In Georgia, Agriculture Minister Otar Shamugia said on Wednesday, March 29, that the nation has the resources to increase its wheat self-sufficiency to 50%, adding that the state is ready to implement “stimulating programs” to boost wheat production in the country.
The Minister and farmers producing grain crops discussed the needs and challenges of the sector for ensuring the growth of crop production during the meeting, and a decision was made to develop proposals and support mechanisms by relevant agencies of the Ministry to tackle the problem.
Moreover, farmers informed the Minister regarding the importance of an organized supply of highly productive seed material, access to financial resources and appropriate equipment for working capital, issues of land privatization and lease, the introduction of new sowing technologies, improved agricultural insurance, and access to irrigation water and windbreak arrangement.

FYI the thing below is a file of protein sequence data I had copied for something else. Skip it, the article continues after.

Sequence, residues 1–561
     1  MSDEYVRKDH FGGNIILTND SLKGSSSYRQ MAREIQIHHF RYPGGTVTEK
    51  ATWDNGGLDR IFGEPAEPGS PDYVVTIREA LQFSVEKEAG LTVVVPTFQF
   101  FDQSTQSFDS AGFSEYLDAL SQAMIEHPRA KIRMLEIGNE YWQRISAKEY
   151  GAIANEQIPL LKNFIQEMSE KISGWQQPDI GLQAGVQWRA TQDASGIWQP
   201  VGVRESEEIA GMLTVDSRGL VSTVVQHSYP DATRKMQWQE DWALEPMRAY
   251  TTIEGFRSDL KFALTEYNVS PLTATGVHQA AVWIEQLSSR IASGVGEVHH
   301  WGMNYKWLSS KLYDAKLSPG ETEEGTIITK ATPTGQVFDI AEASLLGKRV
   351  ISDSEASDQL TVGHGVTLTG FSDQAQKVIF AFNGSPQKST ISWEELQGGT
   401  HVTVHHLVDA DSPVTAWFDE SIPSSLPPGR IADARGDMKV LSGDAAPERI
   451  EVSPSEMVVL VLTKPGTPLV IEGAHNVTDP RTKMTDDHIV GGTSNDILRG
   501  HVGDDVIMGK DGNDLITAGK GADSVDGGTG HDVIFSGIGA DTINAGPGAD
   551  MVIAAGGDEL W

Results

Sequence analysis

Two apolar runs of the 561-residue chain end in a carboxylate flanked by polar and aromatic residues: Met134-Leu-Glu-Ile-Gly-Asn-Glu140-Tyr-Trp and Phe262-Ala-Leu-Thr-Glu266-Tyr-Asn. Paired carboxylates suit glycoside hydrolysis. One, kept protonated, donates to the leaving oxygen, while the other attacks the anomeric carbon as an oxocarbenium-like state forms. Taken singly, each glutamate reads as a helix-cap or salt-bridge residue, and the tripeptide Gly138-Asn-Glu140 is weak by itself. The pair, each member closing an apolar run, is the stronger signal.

He also stressed the significance of boosting the self-sufficiency of primary consumption products in the “shortest feasible period” and assuring food security in the face of the crisis in the Black Sea region caused by the Russian-Ukrainian war.
According to the official, the administration had been focused on promoting local production import substitution throughout the years, which has resulted in a “significant increase” in Georgian commodity production, sale in the domestic market, and export.
Georgian Finance Minister Lasha Khutsishvili stated earlier this week that the country has enough wheat to last over a month and that additional could be imported if needed for food security.
Georgia bought 367,000 tonnes of wheat for $93.5 million in 2021, including 338,000 tonnes from Russia, costing $87.4 million, and 24.4 thousand tonnes from the United States, worth $4.6 million.